Is California's Wild Housing Market a Sign of a Bubble?

Housing bubble: California may be the site of a new one.
Housing bubble: California may be the site of a new one.

California is the comeback kid of the housing recovery. Though home prices are making annual gains not seen since 2006, The Golden State sticks out as one where they are on a startlingly dramatic swing upward. California prices have posted double-digit hikes on a year-over-year basis for eight consecutive months. In other words, they're rising fast -- very fast.

And now California is sweeping the top cities where home list prices are rising the fastest. Six of the top seven cities -- which all saw list prices jump more than 20 percent year-over-year in February -- are in California, according to That's great, but perhaps a little scary.

As some experts have been warning recently, housing conditions like California's could be an early sign that we're headed into another housing bubble. Buyers all over the state are getting into bidding wars, home prices are on a steep incline that some say is unsustainable, and open houses are once again attracting a frenzy of house hunters. This is what we saw in 2005 and 2006. So should California, despite all its encouraging news, be making us worried? Not necessarily.

"It's important to put these increases [in home prices] into perspective," said Errol Samuelson, president of "Despite these gains, home prices nationally in January were still 21.4 percent lower than they were at the peak of the housing boom in June 2006. In California, the losses were much worse. Homeowners lost more than half the value of their homes when prices fell. Today, California prices are still 34.8 percent below the peak level. California prices haven't even recovered half of what was lost."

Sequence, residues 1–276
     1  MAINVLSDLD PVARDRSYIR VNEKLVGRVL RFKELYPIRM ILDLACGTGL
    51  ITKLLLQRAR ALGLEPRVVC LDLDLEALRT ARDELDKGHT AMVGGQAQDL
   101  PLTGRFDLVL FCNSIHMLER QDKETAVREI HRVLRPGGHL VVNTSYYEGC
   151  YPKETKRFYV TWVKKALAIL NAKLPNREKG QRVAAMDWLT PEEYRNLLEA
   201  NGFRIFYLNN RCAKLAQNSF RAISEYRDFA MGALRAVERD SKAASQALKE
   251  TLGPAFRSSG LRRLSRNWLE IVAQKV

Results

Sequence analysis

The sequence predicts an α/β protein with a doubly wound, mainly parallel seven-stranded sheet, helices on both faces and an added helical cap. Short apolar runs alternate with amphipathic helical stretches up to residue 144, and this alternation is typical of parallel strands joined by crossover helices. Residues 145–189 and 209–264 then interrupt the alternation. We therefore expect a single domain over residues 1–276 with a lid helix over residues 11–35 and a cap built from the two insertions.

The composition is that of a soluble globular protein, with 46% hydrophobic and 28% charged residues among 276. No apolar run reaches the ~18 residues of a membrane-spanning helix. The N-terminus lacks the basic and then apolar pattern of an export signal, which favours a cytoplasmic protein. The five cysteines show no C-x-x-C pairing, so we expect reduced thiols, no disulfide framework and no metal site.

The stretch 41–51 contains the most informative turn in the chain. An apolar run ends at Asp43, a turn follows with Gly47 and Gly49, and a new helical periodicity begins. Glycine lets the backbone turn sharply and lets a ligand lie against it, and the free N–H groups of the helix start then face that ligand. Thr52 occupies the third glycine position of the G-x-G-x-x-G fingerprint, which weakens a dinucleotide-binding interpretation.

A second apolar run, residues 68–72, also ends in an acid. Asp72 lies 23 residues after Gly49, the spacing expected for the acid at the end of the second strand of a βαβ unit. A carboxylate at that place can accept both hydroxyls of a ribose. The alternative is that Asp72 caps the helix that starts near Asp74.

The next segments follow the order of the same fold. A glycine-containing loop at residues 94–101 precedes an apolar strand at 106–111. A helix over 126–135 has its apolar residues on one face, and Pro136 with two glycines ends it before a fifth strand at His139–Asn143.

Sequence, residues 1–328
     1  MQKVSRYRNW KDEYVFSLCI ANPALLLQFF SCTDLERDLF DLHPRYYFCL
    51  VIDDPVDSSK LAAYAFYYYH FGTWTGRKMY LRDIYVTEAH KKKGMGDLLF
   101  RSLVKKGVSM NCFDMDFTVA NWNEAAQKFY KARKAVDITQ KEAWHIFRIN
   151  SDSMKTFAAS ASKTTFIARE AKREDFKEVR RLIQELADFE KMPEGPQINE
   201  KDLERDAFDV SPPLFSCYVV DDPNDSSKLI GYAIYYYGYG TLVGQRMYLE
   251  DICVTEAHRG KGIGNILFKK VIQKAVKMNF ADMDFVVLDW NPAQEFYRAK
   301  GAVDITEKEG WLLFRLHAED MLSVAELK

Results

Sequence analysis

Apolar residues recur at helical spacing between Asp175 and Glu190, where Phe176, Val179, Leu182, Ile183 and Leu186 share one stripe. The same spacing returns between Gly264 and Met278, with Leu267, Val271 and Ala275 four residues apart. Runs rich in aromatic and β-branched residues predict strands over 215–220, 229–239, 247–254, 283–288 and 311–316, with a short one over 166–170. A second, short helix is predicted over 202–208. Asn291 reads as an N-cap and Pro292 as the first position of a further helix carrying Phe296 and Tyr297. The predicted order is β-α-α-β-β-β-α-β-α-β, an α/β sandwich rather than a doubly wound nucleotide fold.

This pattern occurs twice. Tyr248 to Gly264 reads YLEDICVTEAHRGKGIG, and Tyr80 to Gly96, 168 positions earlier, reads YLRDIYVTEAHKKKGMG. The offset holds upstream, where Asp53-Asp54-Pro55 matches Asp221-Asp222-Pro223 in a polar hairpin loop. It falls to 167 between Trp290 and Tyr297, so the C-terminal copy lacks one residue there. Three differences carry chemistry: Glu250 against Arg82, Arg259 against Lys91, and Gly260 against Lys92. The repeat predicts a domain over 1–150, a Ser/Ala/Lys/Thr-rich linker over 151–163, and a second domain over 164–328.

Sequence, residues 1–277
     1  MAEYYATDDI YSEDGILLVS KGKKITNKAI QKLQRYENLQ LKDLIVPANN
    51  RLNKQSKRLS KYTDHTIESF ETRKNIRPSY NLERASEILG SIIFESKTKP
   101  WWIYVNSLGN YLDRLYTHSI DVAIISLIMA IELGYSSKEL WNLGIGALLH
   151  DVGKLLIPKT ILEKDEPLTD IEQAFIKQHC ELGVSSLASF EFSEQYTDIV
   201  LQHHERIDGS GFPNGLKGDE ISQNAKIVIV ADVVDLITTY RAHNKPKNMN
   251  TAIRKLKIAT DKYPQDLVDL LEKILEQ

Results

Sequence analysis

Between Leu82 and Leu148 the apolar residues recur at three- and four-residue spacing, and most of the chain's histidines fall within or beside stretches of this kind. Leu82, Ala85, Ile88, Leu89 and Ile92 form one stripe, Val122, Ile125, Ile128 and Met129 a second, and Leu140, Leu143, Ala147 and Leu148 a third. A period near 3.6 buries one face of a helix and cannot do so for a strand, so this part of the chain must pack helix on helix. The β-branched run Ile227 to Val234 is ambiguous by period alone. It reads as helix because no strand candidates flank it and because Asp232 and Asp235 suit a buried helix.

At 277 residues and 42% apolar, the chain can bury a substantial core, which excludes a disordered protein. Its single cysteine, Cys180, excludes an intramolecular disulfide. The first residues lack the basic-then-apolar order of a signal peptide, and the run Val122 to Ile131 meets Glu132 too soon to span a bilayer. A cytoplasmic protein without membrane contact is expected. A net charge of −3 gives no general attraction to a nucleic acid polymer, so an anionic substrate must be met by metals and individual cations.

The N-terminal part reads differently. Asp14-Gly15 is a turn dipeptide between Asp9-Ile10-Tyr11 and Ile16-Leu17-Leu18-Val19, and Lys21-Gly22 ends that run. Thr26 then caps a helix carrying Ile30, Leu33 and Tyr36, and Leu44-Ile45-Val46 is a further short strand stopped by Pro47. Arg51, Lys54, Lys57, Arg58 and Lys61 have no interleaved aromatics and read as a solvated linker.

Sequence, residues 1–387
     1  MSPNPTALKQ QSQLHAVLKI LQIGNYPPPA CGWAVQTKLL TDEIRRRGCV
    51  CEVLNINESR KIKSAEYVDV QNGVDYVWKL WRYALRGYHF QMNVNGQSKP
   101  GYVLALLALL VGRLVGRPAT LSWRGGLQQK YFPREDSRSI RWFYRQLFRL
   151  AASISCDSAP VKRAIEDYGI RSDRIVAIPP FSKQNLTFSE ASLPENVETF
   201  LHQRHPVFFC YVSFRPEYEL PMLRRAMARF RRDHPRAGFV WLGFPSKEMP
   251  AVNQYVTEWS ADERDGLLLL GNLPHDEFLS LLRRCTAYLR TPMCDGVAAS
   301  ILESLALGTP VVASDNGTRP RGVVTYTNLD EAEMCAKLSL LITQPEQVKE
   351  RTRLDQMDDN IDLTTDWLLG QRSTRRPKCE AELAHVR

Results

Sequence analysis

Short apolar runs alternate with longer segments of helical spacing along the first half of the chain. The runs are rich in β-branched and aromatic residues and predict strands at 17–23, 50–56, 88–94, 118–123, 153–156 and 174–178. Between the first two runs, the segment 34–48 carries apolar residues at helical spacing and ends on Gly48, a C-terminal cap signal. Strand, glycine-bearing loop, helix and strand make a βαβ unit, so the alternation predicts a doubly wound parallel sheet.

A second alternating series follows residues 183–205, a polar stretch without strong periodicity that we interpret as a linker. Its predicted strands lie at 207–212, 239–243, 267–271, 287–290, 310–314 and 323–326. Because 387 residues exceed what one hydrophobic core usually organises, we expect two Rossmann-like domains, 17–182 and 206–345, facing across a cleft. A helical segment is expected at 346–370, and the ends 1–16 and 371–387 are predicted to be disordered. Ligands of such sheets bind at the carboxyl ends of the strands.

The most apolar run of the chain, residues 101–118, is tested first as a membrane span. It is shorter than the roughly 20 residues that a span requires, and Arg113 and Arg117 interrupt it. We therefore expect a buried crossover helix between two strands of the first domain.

There's another reason today's sharp increase in prices differs from the days of the housing bubble: There are real fundamentals behind them. It's not pure speculation. Jed Kolko, Trulia's chief economist, noted that solid job growth in California's coastal areas are putting more buyers in the market, allowing sellers to raise prices because of demand. At the same time, housing inventory is lower than it has been in a decade, another element that typically drives prices higher. (But that should ease as more homeowners become confident about trying their hand at selling.) Plus, Samuelson added, government regulations are preventing another housing boom based on unqualified buyers being able to snag mortgages that they couldn't afford in the first place.

So for now, what's happening is just a strong recovery, not a bubble. Still, it is rather surprising how fast prices are bouncing back in California. Click through the gallery below to see the seven cities where list prices are rising the fastest.

See more:
In the 10 Best Cities for Jobs, Hot Housing Markets, Too
10 Best Cities to Own a Home
5 Best Cities to Sell a Home Right Now

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